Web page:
When I was a child, I met a woman sitting in a wheelchair in a hospital elevator with a nurse. The woman thought I looked a little sad (and I was, because I was a child with the flu!), and so she sang -- well, scatted -- to me "Do You Know the Muffin Man?" When I got off the elevator the nurse asked my mother: "Do you know who that was?" It was Ella Fitzgerald! It was a transformative moment at an early age, and I became obsessed with music. That's how I got the music bug.

Later on, I interned in quite a few different facets of the music industry. My fourth internship was at Sony Pictures in the Music Creative Affairs Department, which gave me my first real insight into this field. After college, I got an internship at Cutting Edge Group, where I was able to grow the internship into a part-time position and then a full-time position, where I worked almost seven years, eventually heading up their Los Angeles Music Supervision division before creating my company, Supe Troop.

Happily, music supervision as a field includes many women and there are a lot of really phenomenal ones I look up to! Here are some tips for those who are looking to join the fun and break into the business.

1. Be music obsessed

There is no music knowledge that will be wasted. You never know when you'll need to know something super specific, and while you can always do research, it's even better to know an answer and be the expert! I like to always be learning. Read memoirs and music blogs, watch music documentaries, go record shopping, and get other people's opinions. As they say, knowledge is power.

2. Follow the directors and producers you want to work with

Keep informed about what they're working on and what music is in their projects. When you get to the point where you are going after projects to supervise, it's helpful to have that head start of being familiar with what kinds of music they've used in the past. Plus, it helps you have that first conversation with them.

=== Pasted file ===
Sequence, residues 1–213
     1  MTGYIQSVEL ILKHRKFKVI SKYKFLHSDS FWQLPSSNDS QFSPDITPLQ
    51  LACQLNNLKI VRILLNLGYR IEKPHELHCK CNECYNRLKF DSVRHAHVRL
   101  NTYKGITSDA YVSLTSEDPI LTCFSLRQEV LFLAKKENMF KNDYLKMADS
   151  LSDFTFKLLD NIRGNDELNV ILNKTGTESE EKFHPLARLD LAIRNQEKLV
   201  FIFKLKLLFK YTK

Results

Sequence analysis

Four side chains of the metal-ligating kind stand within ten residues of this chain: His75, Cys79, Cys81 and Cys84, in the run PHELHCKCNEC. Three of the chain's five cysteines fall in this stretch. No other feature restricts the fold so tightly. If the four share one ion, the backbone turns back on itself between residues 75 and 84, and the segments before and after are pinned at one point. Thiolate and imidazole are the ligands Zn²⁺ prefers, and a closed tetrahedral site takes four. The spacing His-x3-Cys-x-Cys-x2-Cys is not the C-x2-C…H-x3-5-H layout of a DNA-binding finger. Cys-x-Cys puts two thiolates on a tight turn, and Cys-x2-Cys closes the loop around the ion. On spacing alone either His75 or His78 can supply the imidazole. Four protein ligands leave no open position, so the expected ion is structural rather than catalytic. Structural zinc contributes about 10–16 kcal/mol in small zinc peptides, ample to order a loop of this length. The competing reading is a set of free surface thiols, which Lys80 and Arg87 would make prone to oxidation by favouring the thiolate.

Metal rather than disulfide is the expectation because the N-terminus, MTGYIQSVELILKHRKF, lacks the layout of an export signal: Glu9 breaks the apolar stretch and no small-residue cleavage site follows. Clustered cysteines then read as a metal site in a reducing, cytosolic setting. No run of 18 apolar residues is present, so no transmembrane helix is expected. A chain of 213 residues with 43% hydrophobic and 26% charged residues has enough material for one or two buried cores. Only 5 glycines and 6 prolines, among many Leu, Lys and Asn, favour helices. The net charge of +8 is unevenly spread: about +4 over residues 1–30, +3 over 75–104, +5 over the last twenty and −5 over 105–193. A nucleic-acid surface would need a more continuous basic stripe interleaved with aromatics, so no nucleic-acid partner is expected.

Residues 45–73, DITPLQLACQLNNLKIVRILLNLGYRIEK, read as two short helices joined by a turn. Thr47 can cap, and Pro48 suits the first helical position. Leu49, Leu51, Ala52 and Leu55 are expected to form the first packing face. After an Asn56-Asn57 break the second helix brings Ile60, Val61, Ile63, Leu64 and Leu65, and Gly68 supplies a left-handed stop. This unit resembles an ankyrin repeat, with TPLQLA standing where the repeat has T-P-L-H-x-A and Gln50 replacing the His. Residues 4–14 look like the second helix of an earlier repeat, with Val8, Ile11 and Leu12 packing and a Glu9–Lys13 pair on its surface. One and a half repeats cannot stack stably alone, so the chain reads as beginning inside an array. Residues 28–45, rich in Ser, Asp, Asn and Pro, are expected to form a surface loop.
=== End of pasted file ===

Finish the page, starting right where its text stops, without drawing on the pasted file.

3. Intern

It can sometimes be a drag to intern. You might get stuck making people coffee or delivering paperwork. But it is also hands-down the best way to get your foot in the door, to do real work, and to learn your trade. Also, don't confine yourself to interning for music supervisors directly. It's helpful to see all sides of the business -- music publishers, record labels, producers, etc. Not only will that give you insight into the other side, you'll gain valuable contacts for down the road.

4. Prove your worth

When you're doing those internships, or those first jobs, do everything you can to make yourself valuable. Do all the tasks that you are given thoroughly, correctly (to the best of your ability), and efficiently. Don't just sit around if you have nothing to do. Ask for more things and if there just isn't anything for more for you to do, spend your time reading up about relevant news.

5. Be thorough

The mistakes you can make in clearing a song are many! So keep a sharp eye on the details. Here are just a few examples of the never-ending possibilities! If someone tells you a song is public domain, don't just take her word -- do your own research and find proof. Try to double check that a rights holder actually has all the rights; if you find an additional publisher later on, it can throw off your budget completely. Make sure that the location of the licensor matches the address of the licensee (i.e. if you are working on a British film, make sure to go to the British offices of the licensors you're working with). Plus, confirm that the license covers the world. The best way to avoid the pitfalls is to be very detailed and prepared!

This article was posted with permission from Women and Hollywood, who we 100% recommend checking out.

Laura Katz is the founder of L.A.-based music supervision company Supe Troop. At Supe Troop, Katz specializes in music supervision services for all types of media. Prior to launching Supe Troop, Katz led Cutting Edge Music Services's Los Angeles music supervision team for feature films, TV shows, and other visual media projects. Katz's notable film credits include The Grey, That Awkward Moment, Stuck in Love, Their Finest, The Yellow Birds, and Gemini (in competition at the upcoming SXSW Film Festival March 2017). You can follow Supe Troop on Twitter @supetroopmusic.